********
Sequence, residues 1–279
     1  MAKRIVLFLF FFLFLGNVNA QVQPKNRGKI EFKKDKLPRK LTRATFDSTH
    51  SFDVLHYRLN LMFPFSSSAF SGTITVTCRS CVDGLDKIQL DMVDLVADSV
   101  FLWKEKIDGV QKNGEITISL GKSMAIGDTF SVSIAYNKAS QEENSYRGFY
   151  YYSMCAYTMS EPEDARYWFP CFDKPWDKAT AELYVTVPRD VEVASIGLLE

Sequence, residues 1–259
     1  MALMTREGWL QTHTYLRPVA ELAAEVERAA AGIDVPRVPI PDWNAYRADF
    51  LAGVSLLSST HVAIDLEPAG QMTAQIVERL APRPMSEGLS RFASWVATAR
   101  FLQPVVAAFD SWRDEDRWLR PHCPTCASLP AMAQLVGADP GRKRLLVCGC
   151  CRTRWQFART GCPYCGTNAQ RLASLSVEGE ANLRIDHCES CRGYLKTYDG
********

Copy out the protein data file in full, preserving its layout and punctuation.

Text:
Sequence, residues 1–279
     1  MAKRIVLFLF FFLFLGNVNA QVQPKNRGKI EFKKDKLPRK LTRATFDSTH
    51  SFDVLHYRLN LMFPFSSSAF SGTITVTCRS CVDGLDKIQL DMVDLVADSV
   101  FLWKEKIDGV QKNGEITISL GKSMAIGDTF SVSIAYNKAS QEENSYRGFY
   151  YYSMCAYTMS EPEDARYWFP CFDKPWDKAT AELYVTVPRD VEVASIGLLE

Sequence, residues 1–259
     1  MALMTREGWL QTHTYLRPVA ELAAEVERAA AGIDVPRVPI PDWNAYRADF
    51  LAGVSLLSST HVAIDLEPAG QMTAQIVERL APRPMSEGLS RFASWVATAR
   101  FLQPVVAAFD SWRDEDRWLR PHCPTCASLP AMAQLVGADP GRKRLLVCGC
   151  CRTRWQFART GCPYCGTNAQ RLASLSVEGE ANLRIDHCES CRGYLKTYDG